One of the Christian platitudes that I find most irritating is “God will not give you more than you can handle.” Try telling that to Gideon and the 300 men with him as they moved toward a battle with the entire Midian army. Try telling that to Job who, in addition to experiencing the loss of health, wealth and family, had to endure the empty and sometimes harsh words of his so-called friends.
Alex Smith is unlikely to play quarterback in the Superbowl this Sunday. What can we learn from the way that Alex has handled his transition from starter to back-up?
The prophets in Israel had the job of confronting the king to speak God’s word into his life. The “gadflies” in the church do the same. Leaders need to listen to them and not simply label them as troublemakers.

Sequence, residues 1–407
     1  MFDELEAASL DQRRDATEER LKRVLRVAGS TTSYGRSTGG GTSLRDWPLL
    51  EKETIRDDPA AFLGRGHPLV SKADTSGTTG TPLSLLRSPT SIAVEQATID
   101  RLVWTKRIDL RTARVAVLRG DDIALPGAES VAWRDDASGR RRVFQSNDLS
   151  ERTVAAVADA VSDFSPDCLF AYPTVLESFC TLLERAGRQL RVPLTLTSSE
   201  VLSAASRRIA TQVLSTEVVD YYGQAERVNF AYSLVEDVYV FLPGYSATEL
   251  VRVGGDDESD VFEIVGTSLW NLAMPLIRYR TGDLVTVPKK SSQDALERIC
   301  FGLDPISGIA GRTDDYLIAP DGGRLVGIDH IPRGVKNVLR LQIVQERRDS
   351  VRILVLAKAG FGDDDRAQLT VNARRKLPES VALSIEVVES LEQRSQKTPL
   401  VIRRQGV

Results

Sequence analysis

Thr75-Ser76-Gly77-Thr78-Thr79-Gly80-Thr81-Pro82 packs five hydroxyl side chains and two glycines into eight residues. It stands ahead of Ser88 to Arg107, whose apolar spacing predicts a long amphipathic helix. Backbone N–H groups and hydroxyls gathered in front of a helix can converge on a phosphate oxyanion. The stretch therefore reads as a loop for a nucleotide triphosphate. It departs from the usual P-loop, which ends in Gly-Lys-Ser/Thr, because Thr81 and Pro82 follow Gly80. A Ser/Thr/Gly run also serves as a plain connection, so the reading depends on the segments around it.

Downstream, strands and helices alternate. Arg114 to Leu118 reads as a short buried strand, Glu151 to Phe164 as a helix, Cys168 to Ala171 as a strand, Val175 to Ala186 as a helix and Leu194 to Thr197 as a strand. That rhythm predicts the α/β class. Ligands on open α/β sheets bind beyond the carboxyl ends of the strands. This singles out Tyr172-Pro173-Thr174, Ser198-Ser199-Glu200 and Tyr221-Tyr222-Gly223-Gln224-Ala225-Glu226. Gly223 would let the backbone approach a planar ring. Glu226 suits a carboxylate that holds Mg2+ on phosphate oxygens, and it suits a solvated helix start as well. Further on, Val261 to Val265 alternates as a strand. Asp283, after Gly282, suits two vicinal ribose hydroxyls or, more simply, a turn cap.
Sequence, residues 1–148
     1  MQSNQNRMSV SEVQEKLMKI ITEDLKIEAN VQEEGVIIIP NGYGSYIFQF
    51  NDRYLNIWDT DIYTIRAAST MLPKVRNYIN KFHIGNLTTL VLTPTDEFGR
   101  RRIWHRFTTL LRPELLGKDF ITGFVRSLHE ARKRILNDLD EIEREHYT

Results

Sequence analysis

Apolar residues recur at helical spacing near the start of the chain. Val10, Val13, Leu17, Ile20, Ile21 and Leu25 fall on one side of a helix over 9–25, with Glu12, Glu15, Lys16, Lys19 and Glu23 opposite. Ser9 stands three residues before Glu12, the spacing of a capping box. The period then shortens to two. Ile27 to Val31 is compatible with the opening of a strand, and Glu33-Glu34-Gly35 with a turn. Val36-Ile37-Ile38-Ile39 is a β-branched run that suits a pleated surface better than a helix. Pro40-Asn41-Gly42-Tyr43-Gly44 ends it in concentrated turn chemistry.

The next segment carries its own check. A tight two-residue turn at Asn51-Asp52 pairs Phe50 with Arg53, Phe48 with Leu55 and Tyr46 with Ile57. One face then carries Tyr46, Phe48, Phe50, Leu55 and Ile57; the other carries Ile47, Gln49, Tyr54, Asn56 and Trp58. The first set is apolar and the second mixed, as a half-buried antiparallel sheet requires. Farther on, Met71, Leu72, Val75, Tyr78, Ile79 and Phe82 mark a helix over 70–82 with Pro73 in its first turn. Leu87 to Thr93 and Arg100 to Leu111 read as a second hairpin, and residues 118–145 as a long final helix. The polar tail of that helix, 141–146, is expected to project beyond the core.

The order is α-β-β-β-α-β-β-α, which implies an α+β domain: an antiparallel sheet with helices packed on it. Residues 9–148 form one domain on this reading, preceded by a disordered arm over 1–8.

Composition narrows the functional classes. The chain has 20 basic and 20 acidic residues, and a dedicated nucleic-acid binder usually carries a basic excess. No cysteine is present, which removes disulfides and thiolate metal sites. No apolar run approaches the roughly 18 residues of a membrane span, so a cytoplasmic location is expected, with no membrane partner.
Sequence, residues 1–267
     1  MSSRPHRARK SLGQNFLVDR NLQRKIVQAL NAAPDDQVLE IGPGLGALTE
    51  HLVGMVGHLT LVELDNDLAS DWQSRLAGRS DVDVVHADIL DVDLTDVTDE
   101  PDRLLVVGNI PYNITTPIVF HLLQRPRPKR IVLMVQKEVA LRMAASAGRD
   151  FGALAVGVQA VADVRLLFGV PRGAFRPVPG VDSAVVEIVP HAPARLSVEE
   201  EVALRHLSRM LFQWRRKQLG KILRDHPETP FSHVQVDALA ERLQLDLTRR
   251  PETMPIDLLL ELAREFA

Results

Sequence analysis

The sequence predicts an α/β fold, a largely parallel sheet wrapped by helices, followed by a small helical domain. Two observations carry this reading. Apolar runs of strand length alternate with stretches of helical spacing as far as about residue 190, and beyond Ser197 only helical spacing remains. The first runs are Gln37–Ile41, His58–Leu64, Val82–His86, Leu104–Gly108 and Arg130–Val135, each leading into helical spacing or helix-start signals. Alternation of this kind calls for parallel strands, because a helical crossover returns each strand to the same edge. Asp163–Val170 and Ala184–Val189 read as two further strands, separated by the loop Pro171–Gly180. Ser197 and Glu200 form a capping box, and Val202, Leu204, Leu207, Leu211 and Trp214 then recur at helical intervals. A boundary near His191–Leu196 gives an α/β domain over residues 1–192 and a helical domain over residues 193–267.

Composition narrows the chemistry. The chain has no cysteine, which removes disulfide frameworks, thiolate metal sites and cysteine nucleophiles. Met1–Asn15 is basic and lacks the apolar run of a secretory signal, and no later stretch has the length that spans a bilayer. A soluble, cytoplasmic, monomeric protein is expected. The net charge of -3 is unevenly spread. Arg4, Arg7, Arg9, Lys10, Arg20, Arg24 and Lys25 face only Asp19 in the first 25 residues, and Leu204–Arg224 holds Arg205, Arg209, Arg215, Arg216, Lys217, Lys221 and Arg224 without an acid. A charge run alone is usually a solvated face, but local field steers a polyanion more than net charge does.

God has called us to faithfulness and to leave the results in his hands. King Saul provides an example of one who did not understand this.
Recent frustration in prayer seemed to be described in a U2 lyric which speaks of “speed dialing with no signal” What is the solution? Read on for some thoughts on reducing the frustration.
In Psalm 23:3, King David writes, “he leads me in the paths of righteousness for His name’s sake.” While there is benefit to me in walking a path of righteousness, my benefit is not the primary purpose of God’s leading me. David points to God’s reputation and God’s purpose as the reason for the leading. […]